It is the age of robotic sapience and the dawn of autonomous technologies. Should we be resistant to change or appalled? We’ve seen how computers can go unhinged, defiling human logic as with the case for IBM’s Watson whose rampant use of crude language warranted a filter after it read the entire folio of abusives in Urban Dictionary. Recently, Microsoft had to effusively apologize for its golden creation, Tay the Twitter Bot who became a racist xenophobe in less than 24 hours after reading and learning from Twitter’s fan base. Hollywood hasn’t helped our image of AI either; director Alex Garland’s vision from his film Ex Machina, shows us the calculating and disturbing actions of a (spoiler alert) manipulative, femme fatale robot who murders her creator.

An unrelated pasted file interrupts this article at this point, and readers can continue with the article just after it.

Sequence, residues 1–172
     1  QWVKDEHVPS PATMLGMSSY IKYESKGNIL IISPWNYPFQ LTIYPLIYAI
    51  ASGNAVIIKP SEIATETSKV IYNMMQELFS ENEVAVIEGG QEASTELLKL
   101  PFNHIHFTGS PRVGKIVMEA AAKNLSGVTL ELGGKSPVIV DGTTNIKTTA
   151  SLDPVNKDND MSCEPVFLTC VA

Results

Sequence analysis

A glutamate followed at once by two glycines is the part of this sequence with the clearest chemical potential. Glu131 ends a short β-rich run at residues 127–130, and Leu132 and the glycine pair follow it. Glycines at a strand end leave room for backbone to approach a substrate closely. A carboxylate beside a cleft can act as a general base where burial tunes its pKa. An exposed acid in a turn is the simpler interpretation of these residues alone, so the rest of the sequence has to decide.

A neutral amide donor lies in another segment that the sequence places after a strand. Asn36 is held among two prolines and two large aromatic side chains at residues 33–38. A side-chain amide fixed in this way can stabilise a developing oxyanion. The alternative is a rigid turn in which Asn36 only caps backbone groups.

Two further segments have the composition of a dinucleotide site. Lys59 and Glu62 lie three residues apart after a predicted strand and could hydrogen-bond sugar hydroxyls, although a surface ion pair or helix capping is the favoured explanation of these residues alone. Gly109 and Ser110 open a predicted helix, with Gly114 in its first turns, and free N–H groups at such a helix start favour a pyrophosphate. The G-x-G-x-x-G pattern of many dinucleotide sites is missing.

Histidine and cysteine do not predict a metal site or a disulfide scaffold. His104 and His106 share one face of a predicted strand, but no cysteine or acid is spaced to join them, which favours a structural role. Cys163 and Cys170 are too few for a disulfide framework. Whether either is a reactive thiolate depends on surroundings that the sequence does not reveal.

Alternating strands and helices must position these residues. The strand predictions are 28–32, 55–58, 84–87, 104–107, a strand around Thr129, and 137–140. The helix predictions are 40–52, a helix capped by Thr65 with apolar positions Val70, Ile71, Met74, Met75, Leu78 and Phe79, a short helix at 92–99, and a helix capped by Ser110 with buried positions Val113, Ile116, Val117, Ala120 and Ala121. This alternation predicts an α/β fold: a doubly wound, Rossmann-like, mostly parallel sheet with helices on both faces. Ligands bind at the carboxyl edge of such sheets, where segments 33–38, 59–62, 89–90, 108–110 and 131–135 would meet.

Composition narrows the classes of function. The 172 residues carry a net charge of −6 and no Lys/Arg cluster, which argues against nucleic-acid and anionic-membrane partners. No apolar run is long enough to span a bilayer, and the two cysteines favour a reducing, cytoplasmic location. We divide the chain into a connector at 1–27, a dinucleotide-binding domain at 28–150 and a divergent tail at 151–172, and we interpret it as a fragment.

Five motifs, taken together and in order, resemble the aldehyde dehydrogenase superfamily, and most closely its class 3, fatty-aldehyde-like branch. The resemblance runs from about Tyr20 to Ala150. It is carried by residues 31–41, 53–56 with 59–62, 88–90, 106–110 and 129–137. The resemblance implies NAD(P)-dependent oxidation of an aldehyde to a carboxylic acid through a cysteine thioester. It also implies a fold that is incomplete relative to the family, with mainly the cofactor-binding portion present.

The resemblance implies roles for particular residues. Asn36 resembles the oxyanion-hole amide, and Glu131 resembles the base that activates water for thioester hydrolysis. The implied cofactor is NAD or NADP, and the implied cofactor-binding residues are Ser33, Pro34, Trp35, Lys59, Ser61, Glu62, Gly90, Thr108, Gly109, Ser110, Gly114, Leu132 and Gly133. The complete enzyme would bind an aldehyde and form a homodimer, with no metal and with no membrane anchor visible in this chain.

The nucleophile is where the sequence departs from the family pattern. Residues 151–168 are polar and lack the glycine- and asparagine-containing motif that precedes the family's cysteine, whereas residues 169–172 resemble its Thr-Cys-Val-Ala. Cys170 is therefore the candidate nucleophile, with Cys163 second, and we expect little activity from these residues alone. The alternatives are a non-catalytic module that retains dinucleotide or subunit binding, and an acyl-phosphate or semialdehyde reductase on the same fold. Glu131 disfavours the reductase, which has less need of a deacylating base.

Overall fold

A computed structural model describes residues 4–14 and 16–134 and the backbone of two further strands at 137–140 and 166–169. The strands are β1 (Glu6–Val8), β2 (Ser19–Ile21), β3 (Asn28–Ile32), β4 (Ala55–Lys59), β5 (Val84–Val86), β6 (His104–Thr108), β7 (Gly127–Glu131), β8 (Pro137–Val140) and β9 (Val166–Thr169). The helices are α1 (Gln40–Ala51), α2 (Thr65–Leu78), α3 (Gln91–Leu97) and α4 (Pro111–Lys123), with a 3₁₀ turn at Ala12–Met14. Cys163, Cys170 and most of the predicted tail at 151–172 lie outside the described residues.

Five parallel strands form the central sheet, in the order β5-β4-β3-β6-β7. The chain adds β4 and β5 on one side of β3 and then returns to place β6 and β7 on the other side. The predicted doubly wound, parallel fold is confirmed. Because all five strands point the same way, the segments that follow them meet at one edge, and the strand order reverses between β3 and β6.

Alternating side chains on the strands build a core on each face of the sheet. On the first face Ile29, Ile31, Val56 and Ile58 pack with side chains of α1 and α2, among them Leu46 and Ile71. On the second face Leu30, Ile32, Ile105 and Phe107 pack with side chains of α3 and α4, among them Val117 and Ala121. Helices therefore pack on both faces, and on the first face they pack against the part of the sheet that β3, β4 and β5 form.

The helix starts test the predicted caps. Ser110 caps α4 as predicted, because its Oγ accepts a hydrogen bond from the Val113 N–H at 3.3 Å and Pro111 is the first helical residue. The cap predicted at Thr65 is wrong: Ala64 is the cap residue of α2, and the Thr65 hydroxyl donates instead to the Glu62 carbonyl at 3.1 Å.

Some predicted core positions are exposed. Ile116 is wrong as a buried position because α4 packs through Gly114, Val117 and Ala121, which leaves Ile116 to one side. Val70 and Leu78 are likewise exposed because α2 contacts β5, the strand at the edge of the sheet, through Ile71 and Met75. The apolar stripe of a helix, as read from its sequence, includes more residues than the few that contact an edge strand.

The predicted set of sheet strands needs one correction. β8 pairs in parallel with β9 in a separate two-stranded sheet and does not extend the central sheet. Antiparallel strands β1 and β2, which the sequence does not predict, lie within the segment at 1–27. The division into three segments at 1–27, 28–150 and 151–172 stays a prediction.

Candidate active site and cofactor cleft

I won’t go further to describe how humans have been a terrible influence on our rather innocuous and physically limited, adaptive intelligence systems. It is no wonder why the general public has expressed such anxieties over giving up their wheel of control to our robotic overlords. The question of adaptive artificial intelligence and how it can learn and create new experiences is one thing, at least it is relegated to the world of intangible computer land.
They are creeping out and begging for physical motion.